The Global Fixed Income team follows a seamless process with a global outlook. They seek to identify and capture the potential value in situations where the market's implied forecasts are extreme.


The indexes shown in this report are not meant to depict the performance of any specific investment, and the indexes shown do not include any expenses, fees or sales charges, which would lower performance. The indexes shown are unmanaged and should not be considered an investment. It is not possible to invest directly in an index.

The Bloomberg Barclays Euro Aggregate Corporate Index (Bloomberg Barclays Euro IG Corporate) is an index designed to reflect the performance of the euro-denominated investment-grade corporate bond market.

The Bloomberg Barclays Global Aggregate Corporate Index is the corporate component of the Barclays Global Aggregate index, which provides a broad-based measure of the global investment-grade fixed income markets.

The Bloomberg Barclays U.S. Corporate Index (Bloomberg Barclays U.S. IG Corp) is a broad-based benchmark that measures the investment-grade, fixed-rate, taxable corporate bond market.

The Bloomberg Barclays U.S. Corporate High Yield Index measures the market of USD-denominated, non-investment grade, fixed-rate, taxable corporate bonds. Securities are classified as high yield if the middle rating of Moody’s, Fitch, and S&P is Ba1/BB+/BB+ or below. The index excludes emerging market debt.

The Bloomberg Barclays U.S. Mortgage Backed Securities (MBS) Index tracks agency mortgage-backed pass-through securities (both fixed-rate and hybrid ARM) guaranteed by Ginnie Mae (GNMA), Fannie Mae (FNMA) and Freddie Mac (FHLMC). The index is constructed by grouping individual TBA-deliverable MBS pools into aggregates or generics based on program, coupon and vintage. Introduced in 1985, the GNMA, FHLMC and FNMA fixed-rate indexes for 30- and 15-year securities were backdated to January 1976, May 1977 and November 1982, respectively. In April 2007, agency hybrid adjustable-rate mortgage (ARM) pass-through securities were added to the index.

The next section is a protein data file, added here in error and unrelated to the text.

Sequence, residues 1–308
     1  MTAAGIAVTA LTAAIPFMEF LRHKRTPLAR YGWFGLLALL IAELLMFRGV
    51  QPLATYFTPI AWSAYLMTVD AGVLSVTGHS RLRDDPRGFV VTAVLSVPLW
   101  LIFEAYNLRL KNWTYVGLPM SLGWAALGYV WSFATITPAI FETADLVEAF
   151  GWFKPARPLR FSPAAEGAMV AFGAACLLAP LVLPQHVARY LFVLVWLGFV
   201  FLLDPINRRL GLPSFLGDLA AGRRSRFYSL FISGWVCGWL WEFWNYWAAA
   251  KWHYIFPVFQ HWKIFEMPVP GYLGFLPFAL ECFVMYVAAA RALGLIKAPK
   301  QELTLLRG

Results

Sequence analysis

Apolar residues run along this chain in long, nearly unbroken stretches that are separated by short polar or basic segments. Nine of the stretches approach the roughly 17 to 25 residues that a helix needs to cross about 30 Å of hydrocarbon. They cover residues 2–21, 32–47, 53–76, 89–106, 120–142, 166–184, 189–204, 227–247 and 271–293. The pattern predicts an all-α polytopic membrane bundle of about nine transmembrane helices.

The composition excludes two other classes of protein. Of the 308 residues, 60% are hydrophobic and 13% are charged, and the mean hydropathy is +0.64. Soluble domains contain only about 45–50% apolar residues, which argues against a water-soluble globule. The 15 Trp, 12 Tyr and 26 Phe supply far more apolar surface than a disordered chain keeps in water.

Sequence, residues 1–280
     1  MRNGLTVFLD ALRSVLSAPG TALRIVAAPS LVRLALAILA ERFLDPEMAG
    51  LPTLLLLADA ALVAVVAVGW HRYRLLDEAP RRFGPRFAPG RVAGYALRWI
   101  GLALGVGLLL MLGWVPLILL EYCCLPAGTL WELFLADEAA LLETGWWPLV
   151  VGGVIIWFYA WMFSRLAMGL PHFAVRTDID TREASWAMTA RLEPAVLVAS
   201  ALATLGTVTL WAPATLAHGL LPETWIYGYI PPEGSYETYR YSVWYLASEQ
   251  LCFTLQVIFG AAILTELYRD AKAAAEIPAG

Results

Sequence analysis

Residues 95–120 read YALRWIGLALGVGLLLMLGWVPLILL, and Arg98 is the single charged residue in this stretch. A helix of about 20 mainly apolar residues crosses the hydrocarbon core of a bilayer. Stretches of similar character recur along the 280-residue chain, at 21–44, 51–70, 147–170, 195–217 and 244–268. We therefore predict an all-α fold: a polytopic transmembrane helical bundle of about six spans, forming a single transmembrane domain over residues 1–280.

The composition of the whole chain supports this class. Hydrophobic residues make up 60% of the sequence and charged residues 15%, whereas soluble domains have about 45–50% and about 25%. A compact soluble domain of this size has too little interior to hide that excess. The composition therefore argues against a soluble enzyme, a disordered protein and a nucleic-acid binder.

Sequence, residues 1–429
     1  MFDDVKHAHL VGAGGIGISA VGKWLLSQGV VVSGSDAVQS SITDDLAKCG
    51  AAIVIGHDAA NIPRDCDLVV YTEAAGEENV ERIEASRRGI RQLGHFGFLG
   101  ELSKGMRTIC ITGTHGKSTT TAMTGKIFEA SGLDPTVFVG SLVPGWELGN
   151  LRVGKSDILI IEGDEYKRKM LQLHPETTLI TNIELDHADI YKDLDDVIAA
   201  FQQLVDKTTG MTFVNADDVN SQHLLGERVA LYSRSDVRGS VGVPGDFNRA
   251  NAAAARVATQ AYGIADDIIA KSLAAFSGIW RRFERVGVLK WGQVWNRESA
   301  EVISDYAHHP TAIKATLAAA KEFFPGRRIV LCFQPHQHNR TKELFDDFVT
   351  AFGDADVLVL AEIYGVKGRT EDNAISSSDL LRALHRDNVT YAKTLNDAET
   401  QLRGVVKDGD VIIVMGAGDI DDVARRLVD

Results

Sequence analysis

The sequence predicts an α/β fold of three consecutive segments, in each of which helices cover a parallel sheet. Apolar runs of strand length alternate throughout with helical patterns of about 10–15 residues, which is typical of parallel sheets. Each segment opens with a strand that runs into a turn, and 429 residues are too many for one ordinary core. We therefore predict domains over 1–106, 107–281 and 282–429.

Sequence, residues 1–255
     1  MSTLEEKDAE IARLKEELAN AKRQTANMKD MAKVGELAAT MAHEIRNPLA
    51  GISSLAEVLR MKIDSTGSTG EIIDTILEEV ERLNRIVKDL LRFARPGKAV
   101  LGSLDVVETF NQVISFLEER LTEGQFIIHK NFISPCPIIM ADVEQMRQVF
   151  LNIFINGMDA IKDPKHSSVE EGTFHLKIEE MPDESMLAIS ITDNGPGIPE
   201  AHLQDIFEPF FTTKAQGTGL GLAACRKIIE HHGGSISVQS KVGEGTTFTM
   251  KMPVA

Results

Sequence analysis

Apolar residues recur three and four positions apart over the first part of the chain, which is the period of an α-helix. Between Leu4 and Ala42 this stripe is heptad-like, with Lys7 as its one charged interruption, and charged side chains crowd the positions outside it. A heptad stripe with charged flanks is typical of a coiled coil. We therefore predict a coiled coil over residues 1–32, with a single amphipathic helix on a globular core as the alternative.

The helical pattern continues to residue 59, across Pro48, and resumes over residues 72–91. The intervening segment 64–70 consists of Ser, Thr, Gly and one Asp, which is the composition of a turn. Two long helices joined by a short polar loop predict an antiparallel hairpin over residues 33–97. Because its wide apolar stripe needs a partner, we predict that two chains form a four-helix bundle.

Consumer Price Index (CPI) is a measure that examines the weighted average of prices of a basket of consumer goods and services, such as transportation, food and medical care.

Euro vs. USD—Euro total return versus U.S. dollar.

German 10YR bonds—Germany Benchmark 10-Year Datastream Government Index; Japan 10YR government bonds —Japan Benchmark 10-Year Datastream Government Index; and 10YR U.S. Treasury—U.S. Benchmark 10-Year Datastream Government Index.

The ICE BofAML European Currency High-Yield Constrained Index (ICE BofAML Euro HY constrained) is designed to track the performance of euro- and British pound sterling-denominated below investment-grade corporate debt publicly issued in the eurobond, sterling

The ICE BofAML U.S. Mortgage-Backed Securities (ICE BofAML U.S. Mortgage Master) Index tracks the performance of U.S. dollar-denominated, fixed-rate and hybrid residential mortgage pass-through securities publicly issued by U.S. agencies in the U.S. domestic market.

The ICE BofAML U.S. High Yield Master II Constrained Index (ICE BofAML U.S. High Yield) is a market value-weighted index of all domestic and Yankee high-yield bonds, including deferred-interest bonds and payment-in-kind securities. Its securities have maturities of one year or more and a credit rating lower than BBB-/Baa3, but are not in default.

The ISM Manufacturing Index is based on surveys of more than 300 manufacturing firms by the Institute of Supply Management. The ISM Manufacturing Index monitors employment, production inventories, new orders and supplier deliveries. A composite diffusion index is created that monitors conditions in national manufacturing based on the data from these surveys.

Italy 10-Year Government Bonds—Italy Benchmark 10-Year Datastream Government Index.

The JP Morgan CEMBI Broad Diversified Index is a global, liquid corporate emerging markets benchmark that tracks U.S.-denominated corporate bonds issued by emerging markets entities.

The JPMorgan Government Bond Index—Emerging markets (JPM local EM debt) tracks local currency bonds issued by emerging market governments. The index is positioned as the investable benchmark that includes only those countries that are accessible by most of the international investor base (excludes China and India as of September 2013).

The JPMorgan Government Bond Index Emerging Markets (JPM External EM Debt) tracks local currency bonds issued by emerging market governments. The index is positioned as the investable benchmark that includes only those countries that are accessible by most of the international investor base (excludes China and India as of September 2013).